Here we are again. Another Saturday and so another episode of SoSers Assemble for us to Marvel at. It’s been one of those weeks, starting wet, middling hot and ending wet again. Whilst hordes flocked to the beaches, I just emptied a bag of sand beside the pond and stretched out with a
bottle glass of wine on my own private beach. And I took my litter home with me. Then used the sand to raise some more stepping stones in the lawn. It’s funny how much the ground level rises. Twenty years ago, the stones were just proud of the ground (helps to get a clean edge with the mower) but now they’re about an inch below it. It’s also been time to lift the lawn edging a bit higher. I do this every 4-5 years for the same reason – the mower cuts the edge cleanly and this saves me a lot of time with the edging shears.
Meanwhile, our Commander-in-Chief has been marshalling the troops, as is his wont. Spies wishing to learn today’s troop deployments should head over to Central Command where all will be revealed. You can also check out the Orders of the Day should you wish to join in the melee. Or, if you are one of those types who wish to study the art of insubordination, you might want to keep an eye on the mistress of camera smashing. But be respectful lest a withering bolt from the Heavens rots all the elastic in your waistbands and you become unexpectedly unwrapped.
Here, at the last homely house in the village, life is much calmer. Which has afforded an opportunity to venture forth into the unknown on a quest to find the six rings of imagery which will resist the ever-earlier encroaching darkness as we move inexorably further away from the summer solstice.
I guess people go hungry when they rely on angels to provide the wherewithal for a fish dinner, for the angels always seem to sit with their backs to the water and fish over dry land! The other thing about Dierama is that on any flower stalk you have a mix of open flowers, those waiting to open and those which have done their bit. So you need to look carefully before you do any deadheading as what you think is past it is actually what hasn’t got there yet!
Jack appeared early last year (I think – it may have been late the year before) as a surprise seedling. The parent had grown too big for its place and had been rehomed in larger accommodation. Already, this plant (which I asssume is Brunnera ‘Jack Frost’ and not some mutant imposter) has grown to be as big as the former occupant so will have to shift later in the year. No flowers yet but the foliage is enough in itself to justify whatever amount of space it wants.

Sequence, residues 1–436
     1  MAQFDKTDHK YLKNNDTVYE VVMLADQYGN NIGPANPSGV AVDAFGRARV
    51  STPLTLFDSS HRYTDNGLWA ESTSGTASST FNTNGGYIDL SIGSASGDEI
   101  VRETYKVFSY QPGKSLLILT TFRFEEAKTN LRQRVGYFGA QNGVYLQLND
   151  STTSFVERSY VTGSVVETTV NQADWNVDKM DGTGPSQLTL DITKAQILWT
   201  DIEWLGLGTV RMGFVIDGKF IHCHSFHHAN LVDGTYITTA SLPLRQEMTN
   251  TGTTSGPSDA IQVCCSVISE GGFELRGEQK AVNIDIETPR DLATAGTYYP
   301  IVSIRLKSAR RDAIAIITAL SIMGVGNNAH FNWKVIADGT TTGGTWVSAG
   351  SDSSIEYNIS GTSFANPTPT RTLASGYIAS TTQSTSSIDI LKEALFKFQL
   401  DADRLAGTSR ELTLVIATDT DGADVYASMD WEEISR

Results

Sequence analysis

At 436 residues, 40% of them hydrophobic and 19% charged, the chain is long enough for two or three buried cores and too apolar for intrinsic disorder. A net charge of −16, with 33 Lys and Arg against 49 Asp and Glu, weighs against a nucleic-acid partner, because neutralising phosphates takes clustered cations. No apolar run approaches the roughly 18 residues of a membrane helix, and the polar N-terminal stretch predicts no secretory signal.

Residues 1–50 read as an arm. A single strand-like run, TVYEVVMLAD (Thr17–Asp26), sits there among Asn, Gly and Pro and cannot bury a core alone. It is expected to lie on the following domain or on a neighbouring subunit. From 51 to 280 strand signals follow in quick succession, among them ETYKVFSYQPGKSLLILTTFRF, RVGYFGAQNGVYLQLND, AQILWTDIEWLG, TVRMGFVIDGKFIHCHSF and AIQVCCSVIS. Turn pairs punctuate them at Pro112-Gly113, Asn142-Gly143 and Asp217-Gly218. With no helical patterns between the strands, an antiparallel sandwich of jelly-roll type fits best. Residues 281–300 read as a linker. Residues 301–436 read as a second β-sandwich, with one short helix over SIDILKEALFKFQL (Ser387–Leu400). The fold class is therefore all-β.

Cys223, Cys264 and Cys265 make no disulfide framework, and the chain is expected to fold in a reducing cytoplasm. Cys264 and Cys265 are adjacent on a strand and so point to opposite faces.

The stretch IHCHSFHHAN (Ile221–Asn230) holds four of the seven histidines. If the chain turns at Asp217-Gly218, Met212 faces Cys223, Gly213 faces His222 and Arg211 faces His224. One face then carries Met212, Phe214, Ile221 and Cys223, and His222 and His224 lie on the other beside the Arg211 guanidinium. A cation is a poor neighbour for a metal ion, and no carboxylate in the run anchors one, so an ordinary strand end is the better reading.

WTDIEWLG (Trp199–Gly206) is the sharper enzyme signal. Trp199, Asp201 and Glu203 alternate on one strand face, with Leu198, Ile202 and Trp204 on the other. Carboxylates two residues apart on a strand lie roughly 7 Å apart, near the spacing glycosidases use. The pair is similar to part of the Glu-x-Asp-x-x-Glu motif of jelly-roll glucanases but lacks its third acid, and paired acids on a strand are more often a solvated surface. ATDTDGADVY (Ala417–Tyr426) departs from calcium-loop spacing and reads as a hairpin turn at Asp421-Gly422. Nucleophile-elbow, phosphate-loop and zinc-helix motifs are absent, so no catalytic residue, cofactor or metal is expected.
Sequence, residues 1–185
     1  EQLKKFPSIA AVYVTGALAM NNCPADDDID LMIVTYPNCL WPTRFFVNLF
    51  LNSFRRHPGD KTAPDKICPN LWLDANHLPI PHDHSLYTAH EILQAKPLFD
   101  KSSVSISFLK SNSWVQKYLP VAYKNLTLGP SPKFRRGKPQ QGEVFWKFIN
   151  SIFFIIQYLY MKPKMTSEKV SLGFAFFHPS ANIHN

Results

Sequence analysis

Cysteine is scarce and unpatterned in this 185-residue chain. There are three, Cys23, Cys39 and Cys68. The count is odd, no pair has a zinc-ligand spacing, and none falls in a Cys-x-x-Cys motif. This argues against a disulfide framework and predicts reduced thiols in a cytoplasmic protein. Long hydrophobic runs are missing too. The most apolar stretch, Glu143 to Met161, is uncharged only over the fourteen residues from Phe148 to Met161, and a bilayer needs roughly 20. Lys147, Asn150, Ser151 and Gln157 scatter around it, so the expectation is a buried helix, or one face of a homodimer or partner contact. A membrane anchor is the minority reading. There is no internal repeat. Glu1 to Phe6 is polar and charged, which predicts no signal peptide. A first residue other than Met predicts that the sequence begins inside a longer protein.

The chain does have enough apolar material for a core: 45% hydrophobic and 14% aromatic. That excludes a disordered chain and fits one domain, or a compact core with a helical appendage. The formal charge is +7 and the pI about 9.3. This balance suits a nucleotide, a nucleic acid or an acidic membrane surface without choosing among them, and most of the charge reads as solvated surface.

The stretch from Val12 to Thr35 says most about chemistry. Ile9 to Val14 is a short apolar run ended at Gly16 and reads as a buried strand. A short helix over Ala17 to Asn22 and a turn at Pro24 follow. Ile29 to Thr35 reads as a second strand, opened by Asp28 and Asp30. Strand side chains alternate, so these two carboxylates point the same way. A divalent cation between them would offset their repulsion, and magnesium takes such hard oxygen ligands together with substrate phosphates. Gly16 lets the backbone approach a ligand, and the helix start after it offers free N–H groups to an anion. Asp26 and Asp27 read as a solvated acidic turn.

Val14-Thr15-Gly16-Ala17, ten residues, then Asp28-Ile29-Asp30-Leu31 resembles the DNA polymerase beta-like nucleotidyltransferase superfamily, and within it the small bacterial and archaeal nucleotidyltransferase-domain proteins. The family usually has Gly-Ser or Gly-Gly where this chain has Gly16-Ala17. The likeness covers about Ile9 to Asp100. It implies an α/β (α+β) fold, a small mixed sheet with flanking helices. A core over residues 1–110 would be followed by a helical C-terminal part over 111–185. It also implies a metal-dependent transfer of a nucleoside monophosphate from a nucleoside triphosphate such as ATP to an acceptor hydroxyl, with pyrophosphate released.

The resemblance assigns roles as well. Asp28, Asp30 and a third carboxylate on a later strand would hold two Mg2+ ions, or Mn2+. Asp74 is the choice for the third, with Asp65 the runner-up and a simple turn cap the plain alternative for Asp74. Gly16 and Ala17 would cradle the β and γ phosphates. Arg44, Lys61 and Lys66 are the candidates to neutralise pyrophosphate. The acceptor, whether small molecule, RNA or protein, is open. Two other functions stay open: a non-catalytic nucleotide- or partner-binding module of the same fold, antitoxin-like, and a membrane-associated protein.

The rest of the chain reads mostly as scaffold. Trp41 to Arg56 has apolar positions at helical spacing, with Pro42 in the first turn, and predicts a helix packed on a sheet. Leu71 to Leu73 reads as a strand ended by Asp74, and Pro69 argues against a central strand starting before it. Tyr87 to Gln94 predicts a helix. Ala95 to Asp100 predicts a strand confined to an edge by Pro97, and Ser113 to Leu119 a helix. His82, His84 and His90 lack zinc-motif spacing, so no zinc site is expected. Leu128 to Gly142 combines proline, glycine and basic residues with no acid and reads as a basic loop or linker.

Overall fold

3 Alchemilla erythropoda
A. mollis is quite a large plant and can be invasive. A. erythropoda is a much smaller relative, around a foot high and lacking it’s larger relative’s propensity to seed everywhere. Foliage is more dense and will develop a reddish tinge if grown in full sun. An extra benefit is that whereas mollis flowers look dead when they die, erythropoda flowers develop an attractive bronze colour as they age and tend to hold onto this appearance for quite a while. It’s well worth the non-effort of leaving them in situ long after mollis has been cut back.
4 Euphorbia ‘Blackbird’
This dwarf evergreen Euphorbia should, according to the book, have maroon foliage with lime green flowers in the spring. OK, this was only planted last year and might not yet have got into its stride. So it’s got dark green foliage with “tops” like this on the stems. The “tops” have been like this since March – not exactly lime green. Nevertheless, it looks quite nice as it is. I’ll wait till next year before passing judgement.
5 Euphorbia ‘Tasmanian Tiger’
At least the foliage is right on this one (again planted last year). It’s supposed to have creamy yellow flowers but no sign of those yet. Not to worry. Maybe next year and, meanwhile, I can enjoy the foliage.
6 Sanguisorba and Solidago
I’ll end on a high. Perhaps an over-bright high? Sanguisorba ‘Pink Squirrels’ is what it is. My only complaint is that the pink tassels don’t seem to last long before they turn brown. But a lot of deadheading and a long succession of new flowers does the trick. I suppose I should prop it up a bit but I prefer the way it flops down over front-of-border plants without smothering them – The dense basal foliage doesn’t travel up the stems. There doesn’t seem to be that much difference between “Pink Tassels’ and ‘Lilac Tassels’ and I often wonder if they are actually one and the same.
Whereas Achillea ‘Cloth of Gold’ is a giant amongst Achillea, Solidago ‘Cloth of Gold’ is a foot-and-a-bit dwarf and, unlike the larger Solidago varieties, does not seed around willy-nilly. It also seems to flower for longer. Over a number of years, the clump has spread slowly but not excessively.
That’s it for another week. Now back to watching the rain. If it stops, I might finish planting out the summer bedding. If it doesn’t, there’s always wine. Have a good week.